Figure 4 (A) Penetrance of single (slc24a5, tbx5a) and combined (both) biallelic knockout phenotype(s) in F0. Pictures of example larvae were taken at 3 dpf. No pigmentation refers to embryos clear of eye pigmentation at 2 dpf, as in Figure 1C. Pectoral fins were inspected at 3 dpf. (bottom) Unviability as percentage of 1-dpf embryos. (B) Penetrance of single (tyr, ta) and combined (both) biallelic knockout phenotype(s) in F0. Pictures of example larvae were taken at 2 dpf. (bottom) Unviability as percentage of 1-dpf embryos. (C) (left) Pictures of example elavl3:GCaMP6s larvae at 4 dpf. Left was uninjected; right was injected and displays the crystal phenotype. Pictures without fluorescence were taken with illumination from above to show the iridophores, or lack thereof. (right) Two-photon GCaMP imaging (z-projection) of the elavl3:GCaMP6s, crystal F0 larva shown on the left. (inset) Area of image (white box). See also Figure 4—video 1, Figure 4—video 2.

Figure 5 (A) Escape response to mustard oil in trpa1b F0 knockouts. (left) Activity (total Δ pixel/second) of scrambled controls and trpa1b F0 knockout larvae at 4 dpf. Pre: 3-min window before transfer to 1 µM mustard oil. Post: 3-min window immediately after. Traces are mean ± standard error of the mean (SEM). (right) Total activity (sum of Δ pixel/frame over the 3-min window) of individual larvae before and after transfer to 1 µM mustard oil. *** p < 0.001 (Δ total activity scrambled vs trpa1b F0); Welch’s t-test. (B) Circadian rhythm quantification in csnk1db F0 knockout larvae. (top) Timeseries (detrended and normalised) of bioluminescence from per3:luciferase larvae over five subjective day/night cycles (constant dark). Circadian time is the number of hours after the last Zeitgeber (circadian time 0 9 am, morning of 4 dpf). DMSO: 0.001% dimethyl sulfoxide; PF-67: 1 µM PF-670462. Traces are mean ± SEM. (bottom) Circadian period of each larva calculated from its timeseries. Black crosses mark the population means. ns, p = 0.825; * p = 0.024; *** p < 0.001; pairwise Welch’s t-tests with Holm’s p-value adjustment. See also Figure 4—video 1.

Figure 6 (A) Activity (total Δ pixel/second) of larvae across 2 days (14 hr each, white background) and two nights (10 hr each, grey background). Traces are mean ± SEM. (left) Stable scn1labΔ44 mutant line, from 5 to 7 dpf. The drops in activity in the middle of each day is an artefact caused by topping-up the water. (right) scn1lab F0 knockout, from 6 to 8 dpf. This replicate is called scn1lab F0 experiment 1 in B and C. (inset) Pictures of example scrambled-injected control and scn1lab F0 larvae at 6 dpf. (B) Behavioural fingerprints, represented as deviation from the paired wild-type mean (Z-score, mean ± SEM). 10 parameters describe bout structure during the day and night (grey underlay). Parameters 1–6 describe the swimming (active) bouts, 7–9 the activity during each day/night, and 10 is pause (inactive bout) length. (inset) Pairwise correlations (Pearson) between mean fingerprints. (C) Euclidean distance of individual larvae from the paired wild-type or scrambled-injected (scr) mean. Black crosses mark the population means. ns, p > 0.999; *** p < 0.001; pairwise Welch’s t-tests with Holm’s p-value adjustment. See also Figure 6—figure supplement 1.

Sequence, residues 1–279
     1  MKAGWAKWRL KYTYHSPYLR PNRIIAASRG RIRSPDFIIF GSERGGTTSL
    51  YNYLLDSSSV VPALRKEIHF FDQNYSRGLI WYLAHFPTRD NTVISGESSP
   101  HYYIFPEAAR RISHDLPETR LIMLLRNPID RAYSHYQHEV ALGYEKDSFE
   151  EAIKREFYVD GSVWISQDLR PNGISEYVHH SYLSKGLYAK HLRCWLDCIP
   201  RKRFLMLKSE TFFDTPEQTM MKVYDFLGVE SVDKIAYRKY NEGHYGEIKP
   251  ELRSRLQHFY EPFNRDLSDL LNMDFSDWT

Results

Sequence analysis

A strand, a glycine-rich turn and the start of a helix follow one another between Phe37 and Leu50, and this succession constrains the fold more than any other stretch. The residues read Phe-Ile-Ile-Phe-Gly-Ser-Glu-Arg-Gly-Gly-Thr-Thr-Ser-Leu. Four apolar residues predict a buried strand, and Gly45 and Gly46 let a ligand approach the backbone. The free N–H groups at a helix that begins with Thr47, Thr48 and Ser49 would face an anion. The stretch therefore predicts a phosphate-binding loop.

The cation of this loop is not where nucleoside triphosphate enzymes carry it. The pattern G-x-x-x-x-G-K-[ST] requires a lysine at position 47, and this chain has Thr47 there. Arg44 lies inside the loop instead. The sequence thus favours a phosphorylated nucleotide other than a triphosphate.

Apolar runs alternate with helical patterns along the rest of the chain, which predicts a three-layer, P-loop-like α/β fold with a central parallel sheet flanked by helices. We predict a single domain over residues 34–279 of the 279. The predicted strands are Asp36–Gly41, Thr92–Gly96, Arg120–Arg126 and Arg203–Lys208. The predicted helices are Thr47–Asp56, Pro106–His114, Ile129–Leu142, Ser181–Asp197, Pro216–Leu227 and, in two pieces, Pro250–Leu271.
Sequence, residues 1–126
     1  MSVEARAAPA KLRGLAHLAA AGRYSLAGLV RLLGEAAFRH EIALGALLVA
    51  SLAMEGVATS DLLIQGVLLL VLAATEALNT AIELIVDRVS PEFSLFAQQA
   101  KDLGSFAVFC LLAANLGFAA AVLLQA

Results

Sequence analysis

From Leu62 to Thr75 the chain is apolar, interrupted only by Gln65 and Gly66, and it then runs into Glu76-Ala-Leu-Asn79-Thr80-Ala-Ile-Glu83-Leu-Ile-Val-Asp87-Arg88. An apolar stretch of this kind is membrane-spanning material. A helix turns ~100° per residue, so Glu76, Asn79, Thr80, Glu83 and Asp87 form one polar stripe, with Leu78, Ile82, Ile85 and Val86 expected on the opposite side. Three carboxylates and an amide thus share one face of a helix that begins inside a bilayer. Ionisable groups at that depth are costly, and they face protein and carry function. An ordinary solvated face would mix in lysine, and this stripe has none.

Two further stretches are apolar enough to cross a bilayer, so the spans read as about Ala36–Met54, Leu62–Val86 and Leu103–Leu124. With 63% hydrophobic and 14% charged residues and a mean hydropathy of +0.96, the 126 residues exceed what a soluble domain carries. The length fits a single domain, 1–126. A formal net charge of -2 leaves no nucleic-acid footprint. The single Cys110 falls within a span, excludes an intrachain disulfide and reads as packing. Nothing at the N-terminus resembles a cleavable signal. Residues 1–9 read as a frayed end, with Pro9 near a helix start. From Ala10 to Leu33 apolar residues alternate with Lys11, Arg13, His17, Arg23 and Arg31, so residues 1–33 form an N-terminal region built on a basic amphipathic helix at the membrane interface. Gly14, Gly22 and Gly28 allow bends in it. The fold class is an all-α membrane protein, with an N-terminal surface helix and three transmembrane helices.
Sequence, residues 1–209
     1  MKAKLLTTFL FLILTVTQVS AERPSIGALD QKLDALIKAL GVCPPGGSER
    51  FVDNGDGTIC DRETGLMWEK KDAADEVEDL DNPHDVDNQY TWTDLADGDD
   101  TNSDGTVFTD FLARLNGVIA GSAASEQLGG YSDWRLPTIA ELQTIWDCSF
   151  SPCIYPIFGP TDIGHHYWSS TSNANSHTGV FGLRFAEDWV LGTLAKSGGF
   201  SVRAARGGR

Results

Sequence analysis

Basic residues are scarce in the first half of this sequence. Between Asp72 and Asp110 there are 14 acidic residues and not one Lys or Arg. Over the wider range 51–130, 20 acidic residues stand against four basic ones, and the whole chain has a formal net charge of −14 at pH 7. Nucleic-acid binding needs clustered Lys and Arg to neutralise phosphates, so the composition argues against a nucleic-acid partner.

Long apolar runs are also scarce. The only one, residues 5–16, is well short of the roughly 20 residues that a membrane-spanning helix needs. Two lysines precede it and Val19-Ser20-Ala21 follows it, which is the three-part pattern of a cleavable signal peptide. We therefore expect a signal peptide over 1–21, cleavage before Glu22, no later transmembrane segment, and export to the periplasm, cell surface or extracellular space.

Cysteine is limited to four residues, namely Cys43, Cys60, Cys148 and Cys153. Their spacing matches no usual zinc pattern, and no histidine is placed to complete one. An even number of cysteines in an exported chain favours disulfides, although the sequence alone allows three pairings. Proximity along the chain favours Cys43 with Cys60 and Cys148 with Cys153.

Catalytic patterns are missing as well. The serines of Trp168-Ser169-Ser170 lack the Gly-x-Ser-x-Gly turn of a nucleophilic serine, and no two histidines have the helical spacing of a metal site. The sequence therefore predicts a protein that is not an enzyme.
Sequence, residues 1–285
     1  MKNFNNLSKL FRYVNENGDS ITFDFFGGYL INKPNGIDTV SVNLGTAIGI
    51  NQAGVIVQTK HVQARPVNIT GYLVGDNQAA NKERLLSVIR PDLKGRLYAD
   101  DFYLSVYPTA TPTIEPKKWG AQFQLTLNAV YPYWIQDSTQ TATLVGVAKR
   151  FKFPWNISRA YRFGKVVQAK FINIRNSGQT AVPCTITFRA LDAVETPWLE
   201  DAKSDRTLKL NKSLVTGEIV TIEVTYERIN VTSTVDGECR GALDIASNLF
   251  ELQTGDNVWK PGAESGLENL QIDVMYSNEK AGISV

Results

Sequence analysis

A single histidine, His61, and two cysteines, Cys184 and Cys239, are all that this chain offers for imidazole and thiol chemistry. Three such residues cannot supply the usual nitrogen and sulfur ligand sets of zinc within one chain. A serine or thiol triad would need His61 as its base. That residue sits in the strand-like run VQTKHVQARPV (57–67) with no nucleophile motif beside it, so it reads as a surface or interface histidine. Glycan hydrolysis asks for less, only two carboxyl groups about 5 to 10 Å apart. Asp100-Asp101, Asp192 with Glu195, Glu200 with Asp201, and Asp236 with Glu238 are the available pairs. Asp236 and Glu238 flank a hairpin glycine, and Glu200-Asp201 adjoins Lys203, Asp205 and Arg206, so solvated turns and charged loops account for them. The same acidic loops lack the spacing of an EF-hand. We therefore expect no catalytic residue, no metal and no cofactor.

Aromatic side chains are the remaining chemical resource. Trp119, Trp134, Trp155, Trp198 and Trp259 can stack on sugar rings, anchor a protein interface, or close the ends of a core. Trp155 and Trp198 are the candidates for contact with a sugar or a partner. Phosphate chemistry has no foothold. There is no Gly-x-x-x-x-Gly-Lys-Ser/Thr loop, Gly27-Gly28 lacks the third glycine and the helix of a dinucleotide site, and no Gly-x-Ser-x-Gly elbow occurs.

Figure 6—figure supplement 1. Activity (total Δ pixel/second) of <italic>scn1lab</italic> F0 knockout larvae across 2 days (14 hr each, white background) and two nights (10 hr each, grey background), from 6 to 8 dpf.

This replicate is called scn1lab F0 experiment 2 in Figure 6C,D.

Figure 7. Recommendations for F0 knockout screens.

(A) Suggestion for the design of an F0 screen, based on a three-step process: (1) selection of gRNAs; (2) verification that all gRNAs are mutagenic; (3) phenotyping. During round 1 (step 2), we recommend targeting a pigmentation gene such as slc24a5 to quantify success rate at injections before estimating minimum samples sizes and commencing the screen. (B) Minimum sample size to detect a phenotype at 0.8 statistical power and 0.05 significance level as more knockouts are present in the population of F0 larvae. Based on 10 simulations with 100 animals in each group (scrambled control, F0 knockout). Mean ± standard deviation across the 10 simulations. (left) Minimum sample sizes to detect the lack of response to mustard oil of the trpa1b knockouts. Dashed line indicates the real sample size of the experiment (n = 22, Figure 5A). (right) Minimum sample sizes to detect the lengthened circadian period of csnk1db knockouts. Dashed line indicates the real sample size of the experiment (n = 16, Figure 5B).

Acknowledgments:
ZFIN wishes to thank the journal eLIFE for permission to reproduce figures from this article. Please note that this material may be protected by copyright. Full text @ Elife